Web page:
Diffusing the light is important as well so you don’t have a harsh, bright glare glinting off your bugs.  I use Alex Wild-style diffusers, little sheets of frosted white mylar.  I connect them to my Nikon R1 flash system flashes with nylon ponytail holders and then set them on their stands on either side of the aquarium.  That way, you have light shining on the insect from both sides and can eliminate as many of the shadows as possible.  My flashes are tiny, so I have to bump the intensity up, but they’re conveniently wireless.  If you have a Canon or other camera, you may need a remote flash trigger to make this work.

Then it’s just a matter of propping a background up behind the aquarium, filling your container with water (I used filtered whenever possible to keep the water as clear as I can), dropping the insect in, and snapping some photos!  You can add other pondy things to the water to make it look more natural – larger rocks, algae, floating vegetation, cattails/reeds, etc – or you can leave the water clear.  The more stuff you have inside, the less light is likely to hit your subject, so I tend to leave the water clear.  But then I also don’t like to have the clutter of other things in my shots.  Again, go with whatever works for you!

And that’s it!  A little glass container, a couple of flashes, a piece of paper, and a camera and you’re set!  With my setup, because I have such thick glass in my aquarium, I can’t get perfectly clear, crisp shots, but it’s a huge improvement over what I was able to do in the past.  For example, compare this shot of a predaceous diving beetle taken through my microscope…

Predaceous diving beetle under microscope

Predaceous diving beetle under microscope

to this shot taken with the setup above…

Thermonectus nigrofasciatus

Predaceous diving beetle, Thermonectus nigrofasciatus.

There’s really no comparison.  Likewise, here’s a caddisfly I shot in a white bowl…


Caddisfly in white bowl

… and here’s one shot as described above:

Phylliocus aeneus

The caddisfly Phylliocus aeneus wandering around the rocks.

The insects look SO much better in the aquarium, shot through the side with soft, diffused light, than I could ever manage with my microscope or bowls.  I am still no Jan Hamrsky and there’s always room for improvement, but I think at this point I’m going to focus on improving the glass in my aquarium rather than adopting a new setup because I like this one.  It’s easy to use, relatively portable, and produces nice images – it works well for me and my style.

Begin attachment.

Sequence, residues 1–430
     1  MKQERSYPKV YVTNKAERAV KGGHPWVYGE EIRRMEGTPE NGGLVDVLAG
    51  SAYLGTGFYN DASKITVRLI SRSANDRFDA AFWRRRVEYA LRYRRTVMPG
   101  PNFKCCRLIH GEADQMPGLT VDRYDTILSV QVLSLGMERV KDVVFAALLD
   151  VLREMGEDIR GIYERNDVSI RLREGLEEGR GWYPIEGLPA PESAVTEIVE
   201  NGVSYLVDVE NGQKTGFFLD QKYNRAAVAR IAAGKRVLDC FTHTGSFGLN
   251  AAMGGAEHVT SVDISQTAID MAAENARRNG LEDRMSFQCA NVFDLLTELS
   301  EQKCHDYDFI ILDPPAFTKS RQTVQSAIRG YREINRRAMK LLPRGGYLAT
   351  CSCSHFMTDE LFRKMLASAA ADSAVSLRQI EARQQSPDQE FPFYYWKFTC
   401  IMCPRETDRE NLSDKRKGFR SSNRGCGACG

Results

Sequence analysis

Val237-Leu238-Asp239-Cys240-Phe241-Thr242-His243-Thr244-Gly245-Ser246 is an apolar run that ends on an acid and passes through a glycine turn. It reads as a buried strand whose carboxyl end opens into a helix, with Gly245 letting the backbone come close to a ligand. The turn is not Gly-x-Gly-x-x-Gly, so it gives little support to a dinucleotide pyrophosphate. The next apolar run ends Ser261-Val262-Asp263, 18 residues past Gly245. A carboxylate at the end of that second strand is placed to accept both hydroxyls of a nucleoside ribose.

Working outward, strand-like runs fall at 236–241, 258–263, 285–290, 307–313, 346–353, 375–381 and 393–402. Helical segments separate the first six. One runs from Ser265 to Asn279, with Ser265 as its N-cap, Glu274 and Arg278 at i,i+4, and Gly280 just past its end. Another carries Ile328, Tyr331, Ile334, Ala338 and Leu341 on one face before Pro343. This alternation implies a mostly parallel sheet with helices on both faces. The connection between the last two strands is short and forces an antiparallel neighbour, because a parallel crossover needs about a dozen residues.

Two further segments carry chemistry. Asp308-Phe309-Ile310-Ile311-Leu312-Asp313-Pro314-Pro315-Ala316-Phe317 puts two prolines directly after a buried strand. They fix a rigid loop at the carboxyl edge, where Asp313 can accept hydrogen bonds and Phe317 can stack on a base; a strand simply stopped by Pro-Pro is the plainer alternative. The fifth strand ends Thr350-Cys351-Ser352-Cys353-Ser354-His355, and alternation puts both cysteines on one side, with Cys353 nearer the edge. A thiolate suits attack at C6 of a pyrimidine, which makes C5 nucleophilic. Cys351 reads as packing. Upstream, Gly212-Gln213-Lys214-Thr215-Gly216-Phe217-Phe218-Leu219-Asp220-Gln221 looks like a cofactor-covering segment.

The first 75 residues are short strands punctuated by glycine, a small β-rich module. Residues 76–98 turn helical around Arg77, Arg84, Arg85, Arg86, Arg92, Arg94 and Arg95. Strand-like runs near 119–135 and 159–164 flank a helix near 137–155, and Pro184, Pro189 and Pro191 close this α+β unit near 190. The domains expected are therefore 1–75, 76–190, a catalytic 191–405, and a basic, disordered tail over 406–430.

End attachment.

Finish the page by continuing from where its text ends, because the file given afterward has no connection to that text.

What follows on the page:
If you have your own setup for aquatic insects, I’d love to hear about it!  Just leave a comment below and tell me about your setup.  And if you haven’t ever tried photographing insects, give it a shot!  I think it’s a ton of fun, so see what you think.  I hope you’ll enjoy it as much as I do!


Unless otherwise stated, all text, images, and video are copyright © C. L. Goforth

Aquatic Microhabitats

Hello everyone!  It’s my first real blog post in a while, so I hope it proves to be worth the wait.  I feel that it’s time to talk about a subject that I find fascinating: microhabitats in aquatic environments!

A stream might look like a fairly monotonous environment, with water traveling inexorably downstream.  However, if you really take the time to look, you’ll notice that there are lots of little pockets of space in a body of water that have slightly different sets of conditions compared to the little pockets of space around them.  These are microhabitats, small areas that have a particular set of conditions unique to that area, and insects are incredibly good at exploiting them.

Take, for example, the stream in this photo:

Prairie Ridge stream

Prairie Ridge stream

That’s the stream at Prairie Ridge Ecostation, where I work.  I think it’s a fascinating stream largely because it has very few insects in it, much lower diversity than one might expect for a reasonably clean stream in this part of the world.  I’ve got a group of high schoolers who are investigating the reasons why there are so few insects in the stream, but the few insects we find are found only in very specific places.  I draw your attention to the location I’ve indicated with the arrow:

Deep pool

Deep pool

That is a pool, an area of deeper water with lower flow.  Pools like that tend to have a lower oxygen concentration than adjacent areas of the stream because the water is deep (remember that oxygen moves very slowly in water and the deeper the water, the longer it takes for oxygen to reach the bottom) and comparatively still (lower flow often = lower oxygen).  In that particular area of the stream you would normally find swimmers, things like the predaceous diving beetles and backswimmers, things that like deep, calm water so they don’t have to fight the current to swim when they go to the surface to breathe.  Curiously, that is one group of insects that is conspicuously missing from this stream and I’m trying to figure out why.  But that’s a subject for another time!  Let’s contrast that deep pool with this area right here:

Stream rooty pool